Over the past year, a number of interesting studies have shed light on the hitherto unknown functions of the bacteria that live in our gut. Researchers at UCLA found that women who regularly consumed beneficial bacteria through yogurt showed altered brain function, both while in a resting state and in response to an emotion-recognition task. Commenting on the study published in Gastroenterology, lead author Dr. Kirsten Tillisch noted that “our findings indicate that some of the contents of yogurt may actually change the way our brain responds to the environment. When we consider the implications of this work, the old sayings ‘you are what you eat’ and ‘gut feelings’ take on new meaning.” An article linked here provides further insight into the study and its significance.
Researchers have known that the brain sends signals to the gut, which is why stress and other emotions can contribute to gastrointestinal symptoms. This study shows what has been suspected but until now had been proved only in animal studies: that signals travel the opposite way as well.
“Time and time again, we hear from patients that they never felt depressed or anxious until they started experiencing problems with their gut,” Tillisch said. “Our study shows that the gut–brain connection is a two-way street.”
The small study involved 36 women between the ages of 18 and 55. Researchers divided the women into three groups: one group ate a specific yogurt containing a mix of several probiotics — bacteria thought to have a positive effect on the intestines — twice a day for four weeks; another group consumed a dairy product that looked and tasted like the yogurt but contained no probiotics; and a third group ate no product at all.
Functional magnetic resonance imaging (fMRI) scans conducted both before and after the four-week study period looked at the women’s brains in a state of rest and in response to an emotion-recognition task in which they viewed a series of pictures of people with angry or frightened faces and matched them to other faces showing the same emotions. This task, designed to measure the engagement of affective and cognitive brain regions in response to a visual stimulus, was chosen because previous research in animals had linked changes in gut flora to changes in affective behaviors.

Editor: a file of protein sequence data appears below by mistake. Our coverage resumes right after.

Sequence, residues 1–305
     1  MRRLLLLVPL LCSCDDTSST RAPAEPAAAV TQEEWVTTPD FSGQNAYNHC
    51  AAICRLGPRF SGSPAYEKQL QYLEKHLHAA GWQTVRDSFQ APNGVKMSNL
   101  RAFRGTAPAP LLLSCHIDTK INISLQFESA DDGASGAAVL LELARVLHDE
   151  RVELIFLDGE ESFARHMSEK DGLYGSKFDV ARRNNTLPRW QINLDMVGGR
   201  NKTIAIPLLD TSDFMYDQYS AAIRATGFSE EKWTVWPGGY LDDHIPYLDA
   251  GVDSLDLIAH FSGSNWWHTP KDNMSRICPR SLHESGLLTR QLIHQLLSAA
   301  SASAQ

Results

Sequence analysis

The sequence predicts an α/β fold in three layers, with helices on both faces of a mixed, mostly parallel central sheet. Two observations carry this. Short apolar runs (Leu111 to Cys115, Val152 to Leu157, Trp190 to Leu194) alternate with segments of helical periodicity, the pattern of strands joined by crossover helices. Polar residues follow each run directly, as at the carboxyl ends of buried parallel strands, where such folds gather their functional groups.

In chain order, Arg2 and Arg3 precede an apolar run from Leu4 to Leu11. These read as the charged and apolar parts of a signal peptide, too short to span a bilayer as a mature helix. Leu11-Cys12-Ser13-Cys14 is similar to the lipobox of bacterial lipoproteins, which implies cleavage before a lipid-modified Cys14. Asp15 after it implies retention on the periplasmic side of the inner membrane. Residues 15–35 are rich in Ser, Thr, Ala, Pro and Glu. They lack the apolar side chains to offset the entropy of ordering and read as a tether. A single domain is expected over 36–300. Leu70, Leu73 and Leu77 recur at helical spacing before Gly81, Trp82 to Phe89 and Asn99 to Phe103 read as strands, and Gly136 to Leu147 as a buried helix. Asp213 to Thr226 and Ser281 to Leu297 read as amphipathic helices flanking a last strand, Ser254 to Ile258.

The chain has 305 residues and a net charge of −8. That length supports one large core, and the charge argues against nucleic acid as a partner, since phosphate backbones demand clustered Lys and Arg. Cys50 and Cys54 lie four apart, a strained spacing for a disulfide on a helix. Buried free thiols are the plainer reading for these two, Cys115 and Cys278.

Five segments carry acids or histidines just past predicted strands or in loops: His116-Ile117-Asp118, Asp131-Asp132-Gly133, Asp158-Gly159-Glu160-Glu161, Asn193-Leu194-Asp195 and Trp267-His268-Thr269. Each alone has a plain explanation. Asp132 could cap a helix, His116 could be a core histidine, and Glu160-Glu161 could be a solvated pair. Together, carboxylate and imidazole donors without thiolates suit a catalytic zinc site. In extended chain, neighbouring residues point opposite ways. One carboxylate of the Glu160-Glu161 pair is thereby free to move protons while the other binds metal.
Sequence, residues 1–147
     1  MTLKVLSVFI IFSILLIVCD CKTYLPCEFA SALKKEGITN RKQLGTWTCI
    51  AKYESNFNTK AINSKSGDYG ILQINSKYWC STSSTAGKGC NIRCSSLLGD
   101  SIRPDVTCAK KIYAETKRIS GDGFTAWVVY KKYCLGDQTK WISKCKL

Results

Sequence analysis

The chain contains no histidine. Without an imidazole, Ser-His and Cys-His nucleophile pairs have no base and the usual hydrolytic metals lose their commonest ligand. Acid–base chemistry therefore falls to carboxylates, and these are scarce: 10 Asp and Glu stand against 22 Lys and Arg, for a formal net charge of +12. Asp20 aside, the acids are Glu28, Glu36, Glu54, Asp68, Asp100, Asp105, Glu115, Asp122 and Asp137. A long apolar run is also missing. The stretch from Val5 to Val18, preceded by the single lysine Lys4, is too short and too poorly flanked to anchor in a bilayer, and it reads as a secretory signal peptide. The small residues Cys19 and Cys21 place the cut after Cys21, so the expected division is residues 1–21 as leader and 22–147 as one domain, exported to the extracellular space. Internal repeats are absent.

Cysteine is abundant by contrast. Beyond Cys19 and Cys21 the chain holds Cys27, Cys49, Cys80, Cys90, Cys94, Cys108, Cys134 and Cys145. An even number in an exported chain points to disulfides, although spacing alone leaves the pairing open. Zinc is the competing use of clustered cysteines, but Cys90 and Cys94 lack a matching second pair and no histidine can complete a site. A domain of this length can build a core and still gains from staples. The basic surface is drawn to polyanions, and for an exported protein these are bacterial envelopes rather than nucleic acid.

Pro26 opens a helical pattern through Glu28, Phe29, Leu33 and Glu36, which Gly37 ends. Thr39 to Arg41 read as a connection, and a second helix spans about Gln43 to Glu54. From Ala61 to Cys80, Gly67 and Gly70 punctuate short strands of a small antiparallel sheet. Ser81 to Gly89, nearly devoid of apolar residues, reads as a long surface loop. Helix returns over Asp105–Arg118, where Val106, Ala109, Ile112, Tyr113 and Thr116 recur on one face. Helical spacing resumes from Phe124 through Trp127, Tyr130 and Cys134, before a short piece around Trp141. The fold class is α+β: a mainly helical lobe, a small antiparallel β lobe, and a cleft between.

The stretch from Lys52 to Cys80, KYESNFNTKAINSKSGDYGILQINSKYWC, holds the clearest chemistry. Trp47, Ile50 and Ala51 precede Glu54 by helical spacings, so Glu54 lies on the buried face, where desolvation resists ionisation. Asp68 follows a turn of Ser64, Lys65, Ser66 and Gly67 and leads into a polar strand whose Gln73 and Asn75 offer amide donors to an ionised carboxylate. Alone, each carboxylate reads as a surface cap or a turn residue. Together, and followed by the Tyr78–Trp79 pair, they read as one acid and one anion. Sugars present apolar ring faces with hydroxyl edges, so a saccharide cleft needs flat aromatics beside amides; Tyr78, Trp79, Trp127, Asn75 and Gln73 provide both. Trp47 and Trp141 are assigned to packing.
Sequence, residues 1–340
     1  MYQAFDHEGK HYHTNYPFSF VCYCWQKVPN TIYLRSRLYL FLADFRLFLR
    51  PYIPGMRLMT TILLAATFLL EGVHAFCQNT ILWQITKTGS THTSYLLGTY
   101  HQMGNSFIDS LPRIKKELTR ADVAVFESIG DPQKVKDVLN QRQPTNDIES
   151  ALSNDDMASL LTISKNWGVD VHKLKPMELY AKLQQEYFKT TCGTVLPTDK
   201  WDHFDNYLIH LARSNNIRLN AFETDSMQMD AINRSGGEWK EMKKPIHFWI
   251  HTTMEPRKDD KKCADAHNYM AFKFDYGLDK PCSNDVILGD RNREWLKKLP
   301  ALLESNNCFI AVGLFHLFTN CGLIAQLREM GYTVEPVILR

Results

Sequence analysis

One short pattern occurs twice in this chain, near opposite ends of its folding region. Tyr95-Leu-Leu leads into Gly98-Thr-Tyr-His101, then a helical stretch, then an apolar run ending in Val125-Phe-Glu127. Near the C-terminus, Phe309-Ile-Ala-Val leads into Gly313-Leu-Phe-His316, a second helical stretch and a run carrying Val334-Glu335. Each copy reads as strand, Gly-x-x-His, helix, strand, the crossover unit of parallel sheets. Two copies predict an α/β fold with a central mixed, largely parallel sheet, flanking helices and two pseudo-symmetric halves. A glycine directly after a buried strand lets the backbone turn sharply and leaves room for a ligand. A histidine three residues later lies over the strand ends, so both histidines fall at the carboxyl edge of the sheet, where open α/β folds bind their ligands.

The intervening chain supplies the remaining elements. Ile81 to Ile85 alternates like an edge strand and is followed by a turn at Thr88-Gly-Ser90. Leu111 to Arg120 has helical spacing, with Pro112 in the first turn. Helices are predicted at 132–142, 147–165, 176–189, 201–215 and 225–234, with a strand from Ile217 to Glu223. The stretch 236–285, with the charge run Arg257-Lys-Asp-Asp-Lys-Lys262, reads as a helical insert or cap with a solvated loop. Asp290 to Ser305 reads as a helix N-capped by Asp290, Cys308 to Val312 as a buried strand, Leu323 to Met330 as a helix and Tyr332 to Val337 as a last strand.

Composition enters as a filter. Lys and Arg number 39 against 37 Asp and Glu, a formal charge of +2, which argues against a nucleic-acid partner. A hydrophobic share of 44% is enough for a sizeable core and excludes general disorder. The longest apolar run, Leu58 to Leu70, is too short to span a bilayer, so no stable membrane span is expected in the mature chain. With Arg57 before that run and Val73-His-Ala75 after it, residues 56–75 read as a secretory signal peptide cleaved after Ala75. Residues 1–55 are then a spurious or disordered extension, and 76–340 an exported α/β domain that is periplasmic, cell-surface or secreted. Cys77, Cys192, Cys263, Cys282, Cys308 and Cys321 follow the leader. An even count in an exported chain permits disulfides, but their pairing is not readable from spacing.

The researchers found that, compared with the women who didn’t consume the probiotic yogurt, those who did showed a decrease in activity in both the insula — which processes and integrates internal body sensations, like those from the gut — and the somatosensory cortex during the emotional reactivity task.
Further, in response to the task, these women had a decrease in the engagement of a widespread network in the brain that includes emotion-, cognition- and sensory-related areas. The women in the other two groups showed a stable or increased activity in this network.
During the resting brain scan, the women consuming probiotics showed greater connectivity between a key brainstem region known as the periaqueductal grey and cognition-associated areas of the prefrontal cortex. The women who ate no product at all, on the other hand, showed greater connectivity of the periaqueductal grey to emotion- and sensation-related regions, while the group consuming the non-probiotic dairy product showed results in between.
The researchers were surprised to find that the brain effects could be seen in many areas, including those involved in sensory processing and not merely those associated with emotion, Tillisch said.
The knowledge that signals are sent from the intestine to the brain and that they can be modulated by a dietary change is likely to lead to an expansion of research aimed at finding new strategies to prevent or treat digestive, mental and neurological disorders.
So how do we change the bacteria in our gut? A recent study published in Nature showed that changing the food you eat rapidly changes the composition of your gut bacteria. In the study, researchers had nine volunteers go on two extreme diets for five days each. In the first diet, volunteers ate eggs and bacon for breakfast, ribs and briskets for lunch, and an assortment of pork meat and cheeses for dinners. Then after a break, the nine volunteers ate a diet that consisted almost entirely of plants. They had granola cereal for breakfast, and for lunch and dinner a combination of jasmine rice, cooked onions, tomatoes, squash, garlic, peas, lentils, bananas and mangoes.
Researchers analyzed the volunteers’ microbiomes before, during and after each diet. Lead researcher Lawrence David noted that “the relative abundance of various bacteria species looked like it shifted within a day after the food hit the gut.” After the volunteers had spent about three days on each diet, the genes which the bacteria expressed began to change. The bacteria found in people’s guts after they ate an animal-rich diet have previously been associated with higher levels of inflammation in the body. An NPR article on the study is linked here.
Overall, studies like these show that what we eat affects our health in ways that we have not previously appreciated.